A few of Liz’s other favorite things: “I love organized piles, black coffee, exclamation marks, Avid audio scrub (the reason for my all-caps emails), elephant knick-knacks, European roundabouts, tiny baby spoons, reality TV meltdowns, random dancing, documentaries, run-on sentences, dessert for breakfast, lunch, dinner and snacks in between!”
Nutmeg’s Director of Operations, Lauren, has one daily raison d'être: “To make sure everyone’s day runs smoothly.” Especially yours. That she succeeds without you even being aware that she had a hand in why your day went so well is a testament to how good she is at what she does. On an hour-by-hour daily basis, Lauren organizes the entire Nutmeg staff, freelancers and clients in 20 editing and audio suites spread over three floors.
She’s the invisible but essential component of project management who guarantees efficient and cost-effective production. And she can rock a midnight-blue leather jacket while she’s at it—a hint that there’s more to Lauren than her laser-like focus on detail. Witness: Her nickname is Benny, in honor of her go-to karaoke song, “Bennie and the Jets” by Elton John. Witness: First place honors in our annual Halloween Costume Contest (2015) and our annual Ugly Holiday Sweater Contest (2014). Witness: When did she first realize what she wanted to do at Nutmeg? “I discovered that the liquor cabinet was always fully stocked.” For clients, of course!
Her mantra, based on the best advice she’s ever received: “You have to make rainbows and sparkles come out of the phone for clients.” Taste the rainbow!
By his own account, Brian is an editor, producer and production manager who eats too many snacks. He’s also worked with cable networks that include HGTV, Travel Channel, BET, Nickelodeon, Syfy, truTV, Food Network and Chiller.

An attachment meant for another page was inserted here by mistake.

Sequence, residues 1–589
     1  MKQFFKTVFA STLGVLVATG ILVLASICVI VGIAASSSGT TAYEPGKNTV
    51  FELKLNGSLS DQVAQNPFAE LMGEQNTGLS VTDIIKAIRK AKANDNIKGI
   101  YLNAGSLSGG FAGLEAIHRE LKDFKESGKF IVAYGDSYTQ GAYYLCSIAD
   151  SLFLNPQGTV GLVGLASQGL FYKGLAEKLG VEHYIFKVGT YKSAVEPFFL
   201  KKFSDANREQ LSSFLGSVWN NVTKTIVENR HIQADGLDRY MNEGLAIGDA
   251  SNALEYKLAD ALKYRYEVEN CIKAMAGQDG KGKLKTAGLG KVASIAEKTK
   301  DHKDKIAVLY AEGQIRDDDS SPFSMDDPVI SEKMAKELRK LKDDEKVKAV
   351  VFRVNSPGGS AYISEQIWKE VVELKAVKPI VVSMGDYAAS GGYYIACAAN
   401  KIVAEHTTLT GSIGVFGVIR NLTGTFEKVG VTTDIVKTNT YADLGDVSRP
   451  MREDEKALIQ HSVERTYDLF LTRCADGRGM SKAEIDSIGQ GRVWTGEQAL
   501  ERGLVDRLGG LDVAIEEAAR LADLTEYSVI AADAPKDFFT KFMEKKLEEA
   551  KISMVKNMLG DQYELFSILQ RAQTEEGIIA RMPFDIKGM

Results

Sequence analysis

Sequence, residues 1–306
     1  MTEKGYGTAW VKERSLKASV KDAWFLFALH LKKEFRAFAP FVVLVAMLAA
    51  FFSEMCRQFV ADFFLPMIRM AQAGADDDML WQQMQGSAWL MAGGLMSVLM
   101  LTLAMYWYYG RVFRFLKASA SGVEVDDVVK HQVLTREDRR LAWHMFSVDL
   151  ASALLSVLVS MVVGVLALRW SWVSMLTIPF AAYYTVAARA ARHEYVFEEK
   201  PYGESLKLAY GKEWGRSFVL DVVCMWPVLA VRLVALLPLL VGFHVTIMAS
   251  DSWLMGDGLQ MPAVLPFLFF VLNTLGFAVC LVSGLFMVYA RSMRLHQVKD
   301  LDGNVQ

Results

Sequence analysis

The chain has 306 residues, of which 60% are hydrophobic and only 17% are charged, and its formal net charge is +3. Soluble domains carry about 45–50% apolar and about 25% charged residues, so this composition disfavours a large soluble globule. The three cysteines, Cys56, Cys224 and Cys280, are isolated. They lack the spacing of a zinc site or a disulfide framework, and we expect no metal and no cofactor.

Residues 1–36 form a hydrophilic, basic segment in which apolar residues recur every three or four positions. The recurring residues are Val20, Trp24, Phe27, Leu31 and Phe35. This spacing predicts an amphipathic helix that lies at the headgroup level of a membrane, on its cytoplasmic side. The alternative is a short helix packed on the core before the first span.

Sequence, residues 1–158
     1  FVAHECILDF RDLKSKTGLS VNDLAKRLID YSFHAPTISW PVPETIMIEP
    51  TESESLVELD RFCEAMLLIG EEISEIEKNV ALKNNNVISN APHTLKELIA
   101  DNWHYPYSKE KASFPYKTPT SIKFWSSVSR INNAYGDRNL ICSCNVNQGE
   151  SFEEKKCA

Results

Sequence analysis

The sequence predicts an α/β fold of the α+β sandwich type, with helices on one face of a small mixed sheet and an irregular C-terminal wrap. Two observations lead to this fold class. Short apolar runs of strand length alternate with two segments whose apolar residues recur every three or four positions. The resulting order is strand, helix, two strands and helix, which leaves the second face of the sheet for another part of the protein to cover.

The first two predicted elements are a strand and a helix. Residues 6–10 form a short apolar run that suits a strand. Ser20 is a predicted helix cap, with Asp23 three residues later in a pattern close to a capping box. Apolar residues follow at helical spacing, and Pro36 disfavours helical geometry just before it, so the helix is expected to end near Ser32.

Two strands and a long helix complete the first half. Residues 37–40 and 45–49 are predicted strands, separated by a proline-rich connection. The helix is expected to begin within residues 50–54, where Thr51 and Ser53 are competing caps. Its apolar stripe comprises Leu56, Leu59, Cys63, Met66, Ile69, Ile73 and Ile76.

A chance occurrence ignited Brian’s career choice. Literally. He was working in NBC’s advertising and promotion department when a fire forced his team to relocate to an out-of-house post-production facility for four months. “I felt like I was home,” he says. And, as we all know, there’s no place like home.
In his free time, Brian raises money for the Special Olympics of New Jersey by diving into the icy waters of the Atlantic Ocean every winter for the Polar Bear Plunge (just an FYI: the average water temperature is 35 degrees F!). He loves going on adventures with his wife and kids—“I don’t like sitting around the house”—and he runs a Cub Scout pack of 43 scouts. His guilty pleasure is cheese dip and his go-to karaoke song is “Midnight Train to Georgia.” But only to sing backup. And only if he did karaoke. Which he doesn’t.
He actually won the lottery recently. “Ten dollars on a scratch-off! I used $5.70 to pay a late fee at the library, I bought a breakfast sandwich for four dollars and I tossed the remaining 30 cents in my change jar at home.” Which explains why he was back in Edit 2 on Monday morning. Wait. Brian goes to the library?
Bitten by the editorial bug way back in fourth grade at St. Catherine of Sienna elementary where he produced a live news and entertainment program, Rich has continued his creative journey at Nutmeg in spectacular fashion as he has recently stepped seamlessly into the roles of producer and director, helming projects for clients such as Area 23/FCB Health, Sundance TV, Beat Sports, Animal Planet and Chiller.
With a bilingual ability—or a knack for imitating accents, at least—derived from watching countless hours of Spanish-language variety shows, Rich recently jetted off to Madrid for a pharmaceutical shoot in between gigs as actor (he’s not a doctor but he played one on…), mentor (he regularly dazzles younger editors with his highly evolved use of non-existent words such as: moyak, shlabonza and shlaboygan) and celebrity wingman (see the photo of him with The Hoff).
Ask Rich to describe himself in three words and he says, “Ask someone else.” Typical Rich. Listen to his answers to a few other questions, however, and you might come up with three words of your own. The person he admires most? “Mother Theresa. She gave up everything to help others.” His words to live by? “You can’t really understand another person’s experience until you’ve walked a mile in their shoes.” His guilty pleasure? “Sappy Hallmark movies.”